Center for Jewish Life on Coral Way wins city OK



Written by John Charles Robbins on September 28, 2021


A redevelopment project for a K-5 synagogue, daycare and religious school on Southwest Third Avenue in Miami has received a positive recommendation from a city review committee.

The Beth David congregation plans to build the Center for Jewish Life at 2625 SW Third Ave. The Urban Development Review Board recommended approval with certain conditions.

Lawyers Carlos Diaz and Carlos Lago represented the owner-developer at the board meeting, joined by project architect Bernardo Fort-Brescia d’Arquitectonica.

Mr Diaz told the board of directors that the Beth David congregation needs to upgrade their current two-story facility, which occupies an entire block bounded by Southwest Third Avenue (Coral Way), Southwest 26th and 27th Roads and Southwest Second Avenue.

The project will have five floors, 70 feet high, an open space of 34,535 square feet, with 195 parking spaces and a room for the parking of 10 bicycles.

The project was not required by code to have the advice of the review board, but the city’s planning director asked the board to review the plan, in agreement with the applicant.

Board members and municipal staff noted that the property adjoins an area of ​​single-family homes.

Mr. Diaz offered a little history of the property. Beth David, known as the Miami Pioneer Synagogue, is Miami’s oldest Jewish congregation. It was founded in 1912, shortly after Henry Flagler extended his railroad from Palm Beach to Miami, and has been at its current Coral Way location since 1949.

Mr Diaz said the property is about three acres and includes religious education for about 160 students from kindergarten to grade five.

Mr Diaz said the property will be developed with two connected five-story structures, the new sanctuary facing Coral Way and the classrooms facing Southwest 26th Road.

The applicant proposes to increase the number of students to 180 early childhood students, 52 Tikvah1 students and 348 kindergarten to fifth grade students for a total of 580.

The pickup and return of students would all be internal, he said.

Mr. Fort-Brescia explained the indoor location for the autonomous vehicle queue. There will also be a shortcut for the buses to enter, drop off the children and leave, internalized within the site.

Mr Fort-Brescia said the building has multiple uses, from classrooms to a synagogue, a gymnasium, a swimming pool, a playground and sports fields.

He said the proposed facility would include a multi-purpose space, an atrium with a café, a preparatory space, a pre-school education center on the ground floor and a security office that overlooks the arrivals on the property.

The project is designed with 46 classrooms, a cafeteria and fitness areas.

The site is framed by a series of two-way streets divided by a median, and there are multi-story towers on three sides.

In a letter about the project, Mr. Diaz said the property is zoned Civic Institution (CI) and has a land use designation of major institutional, public, transportation and utility facilities. This designation specifically authorizes religious and educational activities.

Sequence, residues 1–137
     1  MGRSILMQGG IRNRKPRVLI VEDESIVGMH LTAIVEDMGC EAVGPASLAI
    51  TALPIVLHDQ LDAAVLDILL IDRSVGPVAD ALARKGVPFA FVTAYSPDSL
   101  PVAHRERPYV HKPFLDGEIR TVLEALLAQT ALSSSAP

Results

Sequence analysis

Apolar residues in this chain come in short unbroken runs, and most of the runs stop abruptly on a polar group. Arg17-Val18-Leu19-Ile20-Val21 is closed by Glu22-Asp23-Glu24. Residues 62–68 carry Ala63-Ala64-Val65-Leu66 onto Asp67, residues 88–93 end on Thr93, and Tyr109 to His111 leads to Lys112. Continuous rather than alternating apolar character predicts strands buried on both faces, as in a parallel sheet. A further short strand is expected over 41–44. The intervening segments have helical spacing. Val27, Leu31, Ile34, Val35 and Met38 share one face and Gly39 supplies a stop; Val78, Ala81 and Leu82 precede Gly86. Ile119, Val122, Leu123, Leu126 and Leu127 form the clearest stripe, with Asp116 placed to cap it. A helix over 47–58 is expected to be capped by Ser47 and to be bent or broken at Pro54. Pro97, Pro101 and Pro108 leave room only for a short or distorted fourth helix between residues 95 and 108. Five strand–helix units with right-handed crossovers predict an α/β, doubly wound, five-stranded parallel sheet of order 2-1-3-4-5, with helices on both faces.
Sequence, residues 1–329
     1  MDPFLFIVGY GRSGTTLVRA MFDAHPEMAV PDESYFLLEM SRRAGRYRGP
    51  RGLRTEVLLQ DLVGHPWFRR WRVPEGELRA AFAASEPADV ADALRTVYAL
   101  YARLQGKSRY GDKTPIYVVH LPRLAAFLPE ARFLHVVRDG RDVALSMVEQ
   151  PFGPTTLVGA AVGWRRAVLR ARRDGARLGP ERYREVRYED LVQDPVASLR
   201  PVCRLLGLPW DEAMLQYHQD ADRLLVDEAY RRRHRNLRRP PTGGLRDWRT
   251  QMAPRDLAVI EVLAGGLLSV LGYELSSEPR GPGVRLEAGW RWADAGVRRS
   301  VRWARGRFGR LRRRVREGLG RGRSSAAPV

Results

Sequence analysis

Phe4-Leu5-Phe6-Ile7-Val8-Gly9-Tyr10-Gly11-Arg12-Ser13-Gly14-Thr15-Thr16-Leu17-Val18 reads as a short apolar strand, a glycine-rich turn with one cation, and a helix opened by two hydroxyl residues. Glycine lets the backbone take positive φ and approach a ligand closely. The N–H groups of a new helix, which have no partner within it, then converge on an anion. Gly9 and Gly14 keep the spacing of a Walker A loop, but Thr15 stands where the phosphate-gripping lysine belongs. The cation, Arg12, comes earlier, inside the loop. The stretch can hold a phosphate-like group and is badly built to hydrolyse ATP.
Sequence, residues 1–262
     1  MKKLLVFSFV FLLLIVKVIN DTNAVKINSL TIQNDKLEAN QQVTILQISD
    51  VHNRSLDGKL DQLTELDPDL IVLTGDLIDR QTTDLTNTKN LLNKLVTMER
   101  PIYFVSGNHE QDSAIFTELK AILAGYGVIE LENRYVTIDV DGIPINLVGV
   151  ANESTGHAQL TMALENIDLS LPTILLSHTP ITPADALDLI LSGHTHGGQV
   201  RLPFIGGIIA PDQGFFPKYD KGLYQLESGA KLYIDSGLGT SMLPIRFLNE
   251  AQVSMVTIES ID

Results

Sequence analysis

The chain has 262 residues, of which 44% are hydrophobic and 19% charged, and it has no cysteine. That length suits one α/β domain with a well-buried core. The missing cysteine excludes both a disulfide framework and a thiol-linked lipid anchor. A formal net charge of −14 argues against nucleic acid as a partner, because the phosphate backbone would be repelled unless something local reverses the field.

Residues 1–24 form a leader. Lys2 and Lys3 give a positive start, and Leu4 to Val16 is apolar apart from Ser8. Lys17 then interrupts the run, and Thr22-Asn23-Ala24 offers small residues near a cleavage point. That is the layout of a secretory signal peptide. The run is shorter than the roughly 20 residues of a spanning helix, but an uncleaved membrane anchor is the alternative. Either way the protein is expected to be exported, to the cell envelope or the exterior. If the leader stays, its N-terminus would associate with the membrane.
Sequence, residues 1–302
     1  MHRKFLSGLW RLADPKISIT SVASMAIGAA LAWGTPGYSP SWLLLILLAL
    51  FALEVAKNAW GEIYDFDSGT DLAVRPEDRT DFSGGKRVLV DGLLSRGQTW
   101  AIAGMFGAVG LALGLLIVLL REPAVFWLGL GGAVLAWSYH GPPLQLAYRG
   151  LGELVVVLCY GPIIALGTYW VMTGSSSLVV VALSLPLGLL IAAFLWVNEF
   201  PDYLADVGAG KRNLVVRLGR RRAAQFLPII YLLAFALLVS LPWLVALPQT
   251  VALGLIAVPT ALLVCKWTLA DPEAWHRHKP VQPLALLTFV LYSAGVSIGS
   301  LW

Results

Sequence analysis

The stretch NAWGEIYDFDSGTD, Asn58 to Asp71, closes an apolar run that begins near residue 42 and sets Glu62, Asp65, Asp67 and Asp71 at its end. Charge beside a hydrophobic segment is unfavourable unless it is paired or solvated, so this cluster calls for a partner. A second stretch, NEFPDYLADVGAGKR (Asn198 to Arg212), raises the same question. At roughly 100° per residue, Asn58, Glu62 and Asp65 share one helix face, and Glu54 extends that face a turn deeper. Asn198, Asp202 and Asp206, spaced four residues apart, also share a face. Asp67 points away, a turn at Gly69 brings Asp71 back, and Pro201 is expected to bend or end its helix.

The original complex was built in 1947 and has been in continuous operation with various modifications over the years.

“The applicant proposes to modernize the existing campus to meet the current needs of the congregation and ensure its continued success,” Mr. Diaz wrote.

“It’s kind of my old neighborhood,” said board chairman Willy Bermello. “I’m glad I’m not living there today – I would be (here) and I would oppose it.”

“To have a five-story building along a single-family home zone, I would create a heckling going to the (city) commission,” Mr. Bermello said.

“The building is a five-story wall. This is what it is… it is a horrible gesture for the single family neighborhood along the 26th road… I have a big problem with the mass and the impact on the neighborhood, ”he said .

But Mr. Bermello described his appreciation of the interior vehicle drop-off area, calling it a good design. Other board members also expressed support for the design of the internal drop-off and pick-up area.

Mr Diaz said the facility had been in the area for decades and the congregation was doing “community outreach,” and did so as the plan for the new five-story facility fell into place.

“There are a lot of community contributions reflected in the project presented today,” he told the board.

“I don’t know what meetings you’ve had, and I don’t know what (the neighboring owners) were shown,” Mr. Bermello said. “Maybe you did everything right and knocked on the five houses.”

He added: “There was a choice here over mass. We’re putting a five-story building across from a single-family neighborhood… the planning director saw enough red flags here to say, “Let’s let the board look at it.

Board member Robert Behar said he liked the project but also had concerns about the mass.

Board member Dean Lewis suggested a design change to deal with the massing.

“What if you took levels 3 through 5 further south and added garden space on level two, the roof on level two, introduced green space,” Lewis said.

Mr. Fort-Brescia said: “I am open-minded. We can certainly study the mass.

The council recommended approval of the project on the condition that the classroom part be limited to two levels facing the 26th road, the rest of the classrooms being internalized in the parking lot or the amenity area.


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